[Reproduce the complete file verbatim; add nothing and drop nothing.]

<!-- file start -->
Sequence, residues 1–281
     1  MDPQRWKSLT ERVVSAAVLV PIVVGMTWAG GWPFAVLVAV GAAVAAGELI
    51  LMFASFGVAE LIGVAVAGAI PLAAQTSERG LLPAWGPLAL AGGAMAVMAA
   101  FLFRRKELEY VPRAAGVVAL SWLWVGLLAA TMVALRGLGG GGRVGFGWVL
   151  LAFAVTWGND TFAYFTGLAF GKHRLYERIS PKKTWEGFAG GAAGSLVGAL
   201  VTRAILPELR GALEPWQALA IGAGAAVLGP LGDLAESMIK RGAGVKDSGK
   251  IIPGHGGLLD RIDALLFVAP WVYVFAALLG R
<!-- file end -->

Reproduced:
Sequence, residues 1–281
     1  MDPQRWKSLT ERVVSAAVLV PIVVGMTWAG GWPFAVLVAV GAAVAAGELI
    51  LMFASFGVAE LIGVAVAGAI PLAAQTSERG LLPAWGPLAL AGGAMAVMAA
   101  FLFRRKELEY VPRAAGVVAL SWLWVGLLAA TMVALRGLGG GGRVGFGWVL
   151  LAFAVTWGND TFAYFTGLAF GKHRLYERIS PKKTWEGFAG GAAGSLVGAL
   201  VTRAILPELR GALEPWQALA IGAGAAVLGP LGDLAESMIK RGAGVKDSGK
   251  IIPGHGGLLD RIDALLFVAP WVYVFAALLG R